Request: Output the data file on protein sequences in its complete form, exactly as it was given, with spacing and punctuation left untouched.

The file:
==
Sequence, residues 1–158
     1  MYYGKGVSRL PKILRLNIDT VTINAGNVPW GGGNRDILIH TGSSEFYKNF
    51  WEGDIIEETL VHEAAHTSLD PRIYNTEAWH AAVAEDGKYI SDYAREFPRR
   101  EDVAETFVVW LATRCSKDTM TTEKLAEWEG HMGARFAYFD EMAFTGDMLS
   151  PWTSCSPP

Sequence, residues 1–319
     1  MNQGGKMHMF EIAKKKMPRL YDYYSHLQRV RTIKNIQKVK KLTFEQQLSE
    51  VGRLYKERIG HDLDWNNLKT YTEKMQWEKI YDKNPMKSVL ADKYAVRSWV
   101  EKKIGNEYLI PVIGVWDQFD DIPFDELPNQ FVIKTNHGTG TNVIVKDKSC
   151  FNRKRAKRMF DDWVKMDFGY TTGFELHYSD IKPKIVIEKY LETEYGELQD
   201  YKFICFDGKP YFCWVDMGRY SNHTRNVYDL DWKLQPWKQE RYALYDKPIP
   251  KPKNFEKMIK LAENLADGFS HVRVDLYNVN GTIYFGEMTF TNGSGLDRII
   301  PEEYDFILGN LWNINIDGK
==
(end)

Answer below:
Sequence, residues 1–158
     1  MYYGKGVSRL PKILRLNIDT VTINAGNVPW GGGNRDILIH TGSSEFYKNF
    51  WEGDIIEETL VHEAAHTSLD PRIYNTEAWH AAVAEDGKYI SDYAREFPRR
   101  EDVAETFVVW LATRCSKDTM TTEKLAEWEG HMGARFAYFD EMAFTGDMLS
   151  PWTSCSPP

Sequence, residues 1–319
     1  MNQGGKMHMF EIAKKKMPRL YDYYSHLQRV RTIKNIQKVK KLTFEQQLSE
    51  VGRLYKERIG HDLDWNNLKT YTEKMQWEKI YDKNPMKSVL ADKYAVRSWV
   101  EKKIGNEYLI PVIGVWDQFD DIPFDELPNQ FVIKTNHGTG TNVIVKDKSC
   151  FNRKRAKRMF DDWVKMDFGY TTGFELHYSD IKPKIVIEKY LETEYGELQD
   201  YKFICFDGKP YFCWVDMGRY SNHTRNVYDL DWKLQPWKQE RYALYDKPIP
   251  KPKNFEKMIK LAENLADGFS HVRVDLYNVN GTIYFGEMTF TNGSGLDRII
   301  PEEYDFILGN LWNINIDGK